Head to Head: Should you spend nearly three hours of your time to watch ‘The Batman’?
May 10, 2022
Director’s version of Gotham and its elements make the runtime worth it
Matt Reeves’ “The Batman” is in my opinion one of the best films ever made. Before that, “Minari” about a Korean family moving from California to Arkansas in search of the American dream was a top favorite of mine. Though the latter’s run time was at nearly two hours, the recently released DC superhero flick goes on for nearly three hours (just four minutes shy).
That’s one of the main criticisms about the film – its runtime.
While yes, most movies – especially superhero ones – tend to stay within the two-hour limit, it’s important to keep in mind that this is a new interpretation of the Batman franchise after Christopher Nolan’s standard-bearing Dark Knight trilogy (“Batman Begins,” 2005; “The Dark Knight,” 2008; “The Dark Knight Rises,” 2012). So this latest version had to set up a completely new world for audiences to see.
As director, Reeves (“Mother/Android”) made the decision to show viewers what his interpretation of Gotham looks like with its grimy crime corruption and the various characters who rule the streets.
Batman, Catwoman and the Riddler also needed time to have their respective compelling character arcs and motivations as to why and how they developed in terms of their character traits. Robert Pattinson’s Bruce Wayne especially needed the time to change from viewing himself as a vengeful crusader to a symbol of hope for the people of Gotham.
The movie’s pacing allows all of this to be shown in detail. Its scenes are justified as much as those of the Top 3 longest runtime of U.S. films according to newsweek.com: 1939’s “Gone With the Wind” (two minutes shy of four hours), 1984’s “Once Upon a Time in America” (three hours and 49 minutes) and 1962’s “Lawrence of Arabia” (three hours and 36 minutes).
In terms of its cinematography, “The Batman” is a welcome departure from previous DC and Marvel superhero films.
Cinematographer Greig Fraser uses lighting to accentuate certain locales within Gotham; Fraser also employs the use of older lenses to give “The Batman” a unique look that previous films of this genre didn’t have before.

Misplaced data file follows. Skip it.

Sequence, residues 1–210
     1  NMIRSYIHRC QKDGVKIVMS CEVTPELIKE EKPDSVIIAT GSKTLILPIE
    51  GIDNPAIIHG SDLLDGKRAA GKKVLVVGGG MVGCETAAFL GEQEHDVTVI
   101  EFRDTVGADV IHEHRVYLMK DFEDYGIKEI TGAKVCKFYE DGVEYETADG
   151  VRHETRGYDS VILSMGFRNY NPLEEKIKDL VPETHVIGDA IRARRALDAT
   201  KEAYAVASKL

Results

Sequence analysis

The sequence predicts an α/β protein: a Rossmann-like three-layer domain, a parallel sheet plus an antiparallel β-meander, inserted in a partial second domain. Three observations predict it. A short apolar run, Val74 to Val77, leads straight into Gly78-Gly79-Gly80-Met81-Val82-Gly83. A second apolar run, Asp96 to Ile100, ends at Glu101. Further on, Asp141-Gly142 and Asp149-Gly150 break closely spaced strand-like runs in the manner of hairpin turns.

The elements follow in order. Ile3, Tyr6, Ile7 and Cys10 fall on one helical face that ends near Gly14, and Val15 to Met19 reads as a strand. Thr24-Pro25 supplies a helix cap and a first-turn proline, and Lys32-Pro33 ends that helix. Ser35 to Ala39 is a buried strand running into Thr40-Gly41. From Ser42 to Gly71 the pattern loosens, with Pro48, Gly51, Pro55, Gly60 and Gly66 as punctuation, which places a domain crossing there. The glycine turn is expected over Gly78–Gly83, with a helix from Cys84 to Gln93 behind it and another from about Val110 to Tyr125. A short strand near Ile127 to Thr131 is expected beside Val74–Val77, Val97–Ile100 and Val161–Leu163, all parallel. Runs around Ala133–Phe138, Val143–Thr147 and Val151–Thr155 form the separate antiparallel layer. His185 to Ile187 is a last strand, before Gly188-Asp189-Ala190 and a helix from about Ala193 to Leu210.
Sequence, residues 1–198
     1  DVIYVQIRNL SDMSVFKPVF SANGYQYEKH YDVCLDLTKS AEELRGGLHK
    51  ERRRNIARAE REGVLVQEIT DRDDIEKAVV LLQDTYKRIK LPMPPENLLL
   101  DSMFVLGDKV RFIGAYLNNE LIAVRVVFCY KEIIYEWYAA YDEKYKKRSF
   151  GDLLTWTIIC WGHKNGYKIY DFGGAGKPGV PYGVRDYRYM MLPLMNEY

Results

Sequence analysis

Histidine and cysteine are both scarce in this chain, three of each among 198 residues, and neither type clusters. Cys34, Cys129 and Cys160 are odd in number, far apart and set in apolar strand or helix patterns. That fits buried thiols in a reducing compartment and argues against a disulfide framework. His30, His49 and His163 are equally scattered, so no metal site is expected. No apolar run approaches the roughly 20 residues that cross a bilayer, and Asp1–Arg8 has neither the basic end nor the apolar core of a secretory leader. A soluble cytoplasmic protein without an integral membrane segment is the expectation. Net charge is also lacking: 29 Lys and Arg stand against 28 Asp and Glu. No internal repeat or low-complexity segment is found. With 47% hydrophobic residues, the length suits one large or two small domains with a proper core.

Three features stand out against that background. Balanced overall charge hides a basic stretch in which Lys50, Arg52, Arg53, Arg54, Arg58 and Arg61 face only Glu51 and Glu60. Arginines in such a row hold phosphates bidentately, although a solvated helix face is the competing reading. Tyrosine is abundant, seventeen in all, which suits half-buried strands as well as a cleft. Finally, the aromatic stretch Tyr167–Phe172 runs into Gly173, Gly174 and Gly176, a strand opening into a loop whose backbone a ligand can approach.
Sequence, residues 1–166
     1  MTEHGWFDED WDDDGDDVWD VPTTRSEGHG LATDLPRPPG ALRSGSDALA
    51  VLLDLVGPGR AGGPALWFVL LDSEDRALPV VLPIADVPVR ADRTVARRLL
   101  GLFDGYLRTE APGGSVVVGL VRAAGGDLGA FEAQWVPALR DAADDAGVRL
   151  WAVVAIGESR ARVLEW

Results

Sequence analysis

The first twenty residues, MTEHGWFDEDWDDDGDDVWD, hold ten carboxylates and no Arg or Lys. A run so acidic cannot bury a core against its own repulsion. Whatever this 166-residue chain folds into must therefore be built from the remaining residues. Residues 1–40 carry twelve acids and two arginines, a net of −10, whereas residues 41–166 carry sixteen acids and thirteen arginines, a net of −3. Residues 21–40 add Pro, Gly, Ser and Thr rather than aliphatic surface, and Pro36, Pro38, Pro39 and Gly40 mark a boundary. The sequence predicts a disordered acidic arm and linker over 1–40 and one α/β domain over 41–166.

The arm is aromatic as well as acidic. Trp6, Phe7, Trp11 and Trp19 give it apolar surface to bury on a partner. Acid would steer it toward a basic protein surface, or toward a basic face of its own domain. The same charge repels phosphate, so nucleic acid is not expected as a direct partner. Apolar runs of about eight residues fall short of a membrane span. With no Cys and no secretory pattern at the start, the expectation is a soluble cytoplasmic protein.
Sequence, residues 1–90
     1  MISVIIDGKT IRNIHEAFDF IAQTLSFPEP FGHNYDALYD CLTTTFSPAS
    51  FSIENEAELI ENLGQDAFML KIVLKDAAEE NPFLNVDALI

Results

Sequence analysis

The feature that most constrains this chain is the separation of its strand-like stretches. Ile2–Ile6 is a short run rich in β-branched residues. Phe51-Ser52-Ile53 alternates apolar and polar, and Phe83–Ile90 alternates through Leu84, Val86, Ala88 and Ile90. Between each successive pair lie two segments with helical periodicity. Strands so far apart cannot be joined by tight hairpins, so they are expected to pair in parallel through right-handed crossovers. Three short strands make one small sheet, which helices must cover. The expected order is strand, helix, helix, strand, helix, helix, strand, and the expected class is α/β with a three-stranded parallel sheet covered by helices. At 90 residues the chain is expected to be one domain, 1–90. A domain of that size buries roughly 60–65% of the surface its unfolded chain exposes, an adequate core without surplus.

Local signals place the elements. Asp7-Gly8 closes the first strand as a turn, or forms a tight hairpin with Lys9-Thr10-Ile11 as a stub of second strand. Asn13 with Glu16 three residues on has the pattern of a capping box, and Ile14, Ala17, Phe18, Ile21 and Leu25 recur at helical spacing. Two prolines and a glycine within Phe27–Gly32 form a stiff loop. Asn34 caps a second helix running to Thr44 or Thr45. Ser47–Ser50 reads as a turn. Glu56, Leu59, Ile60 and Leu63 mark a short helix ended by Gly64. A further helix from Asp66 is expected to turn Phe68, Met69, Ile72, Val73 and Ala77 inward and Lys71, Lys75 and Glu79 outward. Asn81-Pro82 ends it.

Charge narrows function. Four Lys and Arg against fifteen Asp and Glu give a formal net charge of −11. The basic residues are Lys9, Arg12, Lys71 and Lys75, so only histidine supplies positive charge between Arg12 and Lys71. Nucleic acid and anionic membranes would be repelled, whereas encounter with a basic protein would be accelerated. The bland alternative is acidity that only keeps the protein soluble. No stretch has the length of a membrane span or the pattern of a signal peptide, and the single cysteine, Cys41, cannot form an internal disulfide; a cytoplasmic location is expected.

The last complaint I hear about is the epic climax of the film. Without spoiling it for those who haven’t seen it on the big screen, I understand that it’s completely ridiculous.
But it serves a point in the end. It shows the bad effects of Batman’s influence on the Riddler’s followers. This causes the caped crusader to finally find what he needs to make real change in Gotham.
For those who haven’t watched the March 4-released film yet, be sure to go into the theater with the mindset that the next several hours will be worth looking at the screen to see what the flick’s producers have to offer.
I can’t wait to see the sequel and wouldn’t mind if it had the same runtime, if not longer. Someone’s got to catch up with “Gone With the Wind.”
Yaawwn! This version of Batman way too long to hold viewers’ attention
“Avengers: Endgame” runs two minutes past three hours.
“Avengers: Infinity War” goes on for two hours and nearly 30 minutes.
“Spider-Man: No Way Home” almost equals “Infinity War” at two hours and 28 minutes.
Though in possession of generally long runtimes, the aforementioned Marvel movies experimented with a concept rarely projected on theater screens — the multiverse.
That concept kept viewers’ attention and justified each film’s length.
So when DC released “The Batman” March 4, it eclipsed those Marvel classics with a run time of nearly three hours — two hours and 56 minutes to be exact.
Before purchasing my ticket for “The Batman,” I disregarded the controversy among fans about the movie’s length; however, after watching the film, I agree with the critics who say “The Batman” runs far too long.
Unlike its predecessor, the Dark Knight trilogy that ran from 2005-2012, “The Batman” displays fight scenes of minimal and underwhelming impact. All of the transitions were too quick to understand and rather disturbing to watch.
Instead of pitting Batman against his adversary, the Riddler, director Matt Reeves (“Mother/Android”) shows fight scenes with Batman against irrelevant, small mob bosses. These smaller battles set the stage for a large-scale, intense finale with Batman against the Riddler.
But my expectations for that moment soon fell when the film revealed the villain to be someone completely unexpected (not to spoil it for those who haven’t spared their nearly three hours to watch this film yet).
Not only did the fight scenes fail to bring any adrenaline and excitement, the plot is also repetitive and boring. The movie intends to bring mystery to audiences when Batman faces multiple riddles left by his foe to show his intellectual superiority over the caped crusader. Instead, the puzzles bring almost no excitement as the plot recurs multiple times – definitely no multiverse here.
In addition, viewers will come to the same conclusion as I did about these challenges from the Riddler: Each solution is quite predictable.
Prior to watching the movie, I, along with many Batman fans, looked forward to seeing the relationship and interactions between Catwoman (Zoë Kravitz, “KIMI”) and Batman.
Despite this hyped component through social media and the trailer, the movie consists of only two encounters between the love birds.
Others may argue that the runtime is necessary to really bring out Batman’s character and emphasize his progression, but I really didn’t notice a difference from the beginning and the end. Knowing that so many individuals are loyal to the Batman franchise, it’s a disgrace to see Warner Bros. approve of Reeves’ direction here.
Here’s hoping for a much shorter sequel when Bruce Wayne aka the Batman and who knows who else make another appearance in the sequel.